Some of these ideas are being implemented but, again, since the work is done independently, we are not going to benefit to the level we could if the whole thing were designed at once.

  10. Daniel Veditz wrote on

    @hugo: welcome to the bootstrapping problem. We’re making the assumption that the sites people most want to protect from eavesdropping and tampering are those for which they’ve set up accounts. That means they connected correctly at least once, and this header could be set at that time. In addition, careful users could always add “https://” themselves the first time and avoid that initial redirect.

    If a .bank TLD gets set up with the properties you propose we can happily support that, too. The two mechanisms could coexist easily.

    Information stored in a signed DNSSEC record would be another way to communicate this information, but again, that means getting another big technology off the ground before we could build something like this on top of it.

    As to your other comment: I, too, would prefer blocking insecure content over falling back into insecure “mixed” mode, and the same-origin policy already takes scheme into account. To the browser http://foo and https://foo are different sites. To the site, however, it might be the same content with different entry points and of course attackers will flock to the unguarded entry.

  11. Daniel Veditz wrote on

    @jmdesp: We agree, this mechanism is useless for sites which are more concerned about SSL overhead than user safety. Or less snarky, there are already sites which have made the choice to go all SSL, but they still have to worry about their users getting hijacked through that first contact on an insecure network. Important sites like PayPal, Wells Fargo Bank, GMail (if you’ve set the SSL pref), even our own Mozilla Add-ons site. For sites which have already made this investment this feature would make sure it’s not for nothing.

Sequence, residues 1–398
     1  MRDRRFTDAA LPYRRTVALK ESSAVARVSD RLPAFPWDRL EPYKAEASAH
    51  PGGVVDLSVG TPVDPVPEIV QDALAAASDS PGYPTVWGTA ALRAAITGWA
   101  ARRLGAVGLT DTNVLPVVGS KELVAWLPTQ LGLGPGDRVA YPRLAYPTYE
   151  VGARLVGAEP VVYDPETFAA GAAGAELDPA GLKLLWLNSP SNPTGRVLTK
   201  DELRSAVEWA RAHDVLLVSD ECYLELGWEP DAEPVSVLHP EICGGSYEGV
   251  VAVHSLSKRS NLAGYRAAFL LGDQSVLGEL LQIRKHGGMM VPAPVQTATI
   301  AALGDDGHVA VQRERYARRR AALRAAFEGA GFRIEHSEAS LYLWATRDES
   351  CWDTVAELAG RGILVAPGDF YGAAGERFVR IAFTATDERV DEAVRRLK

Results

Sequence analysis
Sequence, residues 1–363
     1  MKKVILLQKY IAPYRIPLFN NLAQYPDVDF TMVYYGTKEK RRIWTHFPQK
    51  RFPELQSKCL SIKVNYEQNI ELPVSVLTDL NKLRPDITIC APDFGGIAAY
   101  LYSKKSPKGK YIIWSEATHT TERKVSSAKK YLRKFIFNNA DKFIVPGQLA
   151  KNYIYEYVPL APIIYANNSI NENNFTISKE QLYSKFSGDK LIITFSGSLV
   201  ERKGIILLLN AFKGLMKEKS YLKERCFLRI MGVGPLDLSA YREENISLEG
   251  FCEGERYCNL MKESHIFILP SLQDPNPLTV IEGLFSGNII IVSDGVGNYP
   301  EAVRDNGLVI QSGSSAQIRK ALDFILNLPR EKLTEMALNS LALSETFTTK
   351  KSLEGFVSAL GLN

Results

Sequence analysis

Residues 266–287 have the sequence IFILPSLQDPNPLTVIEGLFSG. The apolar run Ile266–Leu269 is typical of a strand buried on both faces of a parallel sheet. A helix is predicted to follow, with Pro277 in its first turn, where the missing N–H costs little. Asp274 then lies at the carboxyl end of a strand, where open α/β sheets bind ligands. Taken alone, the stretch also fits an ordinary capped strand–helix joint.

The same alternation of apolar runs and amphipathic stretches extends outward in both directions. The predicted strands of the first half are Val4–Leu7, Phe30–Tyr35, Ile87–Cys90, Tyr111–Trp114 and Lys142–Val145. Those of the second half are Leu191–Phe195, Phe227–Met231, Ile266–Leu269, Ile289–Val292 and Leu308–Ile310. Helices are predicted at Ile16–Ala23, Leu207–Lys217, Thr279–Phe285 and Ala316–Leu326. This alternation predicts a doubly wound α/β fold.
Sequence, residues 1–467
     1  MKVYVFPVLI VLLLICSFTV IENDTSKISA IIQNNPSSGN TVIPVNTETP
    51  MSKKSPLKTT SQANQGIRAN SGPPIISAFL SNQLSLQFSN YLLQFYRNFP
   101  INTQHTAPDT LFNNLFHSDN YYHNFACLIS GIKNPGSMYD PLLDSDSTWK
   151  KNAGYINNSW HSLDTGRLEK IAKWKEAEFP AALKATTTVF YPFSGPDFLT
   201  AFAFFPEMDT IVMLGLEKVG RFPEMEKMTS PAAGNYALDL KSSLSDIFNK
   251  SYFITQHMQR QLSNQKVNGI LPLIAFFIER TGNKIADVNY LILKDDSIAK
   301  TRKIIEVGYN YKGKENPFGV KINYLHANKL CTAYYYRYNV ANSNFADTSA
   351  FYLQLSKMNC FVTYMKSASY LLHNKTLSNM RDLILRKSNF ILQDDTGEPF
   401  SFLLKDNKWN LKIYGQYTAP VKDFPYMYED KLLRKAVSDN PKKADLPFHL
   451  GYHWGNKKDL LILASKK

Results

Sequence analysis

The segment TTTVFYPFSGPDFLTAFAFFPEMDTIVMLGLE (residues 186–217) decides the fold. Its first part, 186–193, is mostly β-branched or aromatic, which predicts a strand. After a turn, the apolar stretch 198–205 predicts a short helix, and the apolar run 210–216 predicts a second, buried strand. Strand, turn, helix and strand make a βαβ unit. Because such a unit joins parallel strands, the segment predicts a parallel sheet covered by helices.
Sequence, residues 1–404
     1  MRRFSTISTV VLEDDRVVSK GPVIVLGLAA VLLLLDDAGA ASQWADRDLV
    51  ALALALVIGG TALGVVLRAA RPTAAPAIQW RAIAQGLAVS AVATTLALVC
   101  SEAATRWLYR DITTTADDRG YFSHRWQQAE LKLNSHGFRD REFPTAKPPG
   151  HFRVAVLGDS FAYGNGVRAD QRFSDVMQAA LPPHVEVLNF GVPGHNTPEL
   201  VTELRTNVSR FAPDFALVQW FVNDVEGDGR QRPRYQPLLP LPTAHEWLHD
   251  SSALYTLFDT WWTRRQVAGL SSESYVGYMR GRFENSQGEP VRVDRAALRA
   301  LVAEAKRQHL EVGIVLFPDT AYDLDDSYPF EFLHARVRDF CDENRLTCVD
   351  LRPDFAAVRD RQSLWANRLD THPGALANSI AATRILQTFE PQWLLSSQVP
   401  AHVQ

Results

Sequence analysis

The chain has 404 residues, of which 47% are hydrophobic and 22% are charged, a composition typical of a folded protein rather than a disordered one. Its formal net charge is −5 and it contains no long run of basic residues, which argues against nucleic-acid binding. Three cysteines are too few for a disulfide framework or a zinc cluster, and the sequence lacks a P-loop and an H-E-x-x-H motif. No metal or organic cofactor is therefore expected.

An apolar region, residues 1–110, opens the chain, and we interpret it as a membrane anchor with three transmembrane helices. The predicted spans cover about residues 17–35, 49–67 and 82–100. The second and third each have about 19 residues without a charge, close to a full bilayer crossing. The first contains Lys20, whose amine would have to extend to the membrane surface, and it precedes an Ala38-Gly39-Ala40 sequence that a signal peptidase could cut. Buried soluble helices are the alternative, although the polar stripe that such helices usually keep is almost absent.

12. hugo wrote on

    “To the browser http://foo and https://foo are different sites.”

    However, not for cookies, right? 🙂
    Even if you *manualy* can make SECURE cookie not to be sent to http:// version, http:// version still can set cookies sent to https:// version.
    This should be fixed.

  13. Sid Stamm wrote on

    @Daniel Veditz: I just finished adding support for private browsing mode in version 1.0.3 of the add-on, and as soon as it is reviewed by AMO, it will be available for download. (If you can’t wait, it’s available at

  14. David Dreghorn wrote on

    It might be because I am not the quickest of people when it comes to IT, but I can not tell if there is any difference. I added the add on, and restarted Firfox to see if it would make any difference to the page, it was still http, not https. When I put in https to the site address, I then got the encrypted version.

    If we have to put https in, what is the use of the add on?

  15. David Dreghorn wrote on

    It might be because I am not that quick when it comes to IT, but I can not see any difference. I added the Add-on, but it dont not seem to make any difference as I still got the http version, not the htpps. To get the https version, I had to type in htpps.

    Is there any point to the add-on if we still need to type in htpps? Will this not cause some people to be vulunrable? If people add the add-on and all they get is the http login, they might just think that this is the only page they can get and just type their info in and not look for the https verision, after all if there is one, the add-on should have taken them to it.

  16. David Dreghorn wrote on

    My last 2 comments were deleted, is there a reason fthey were deleted? The first time I put in my web address and the comment was delted, the 2nd time I left it off but thee link was still there if you clicked on my name (no idea how that happend).

  17. Sid Stamm wrote on

    @David Dreghorn:
    If you think the add-on is not working as expected, or there’s a bug, please email the support email address for the add-on listed in AMO ( and we’ll work with you to fix it.

    Force-TLS doesn’t ‘upgrade’ *all* web sites to HTTPS: it will only upgrade sites that have told your browser they want to opt in, or those sites you have manually entered into the add-on’s settings. Since this is a prototype and very new, I don’t anticipate many web sites yet tell your browser to upgrade them.

  18. David Dreghorn wrote on

    Cheers for the reply (I’m not the most patient of people, ssorry about that).

    I will leave the add on on, I guess we will have to wait a bit for the websites to catch up, hopefuly they will see this as a excelent chance to improve user safety/security.

    Sorry for the double posting.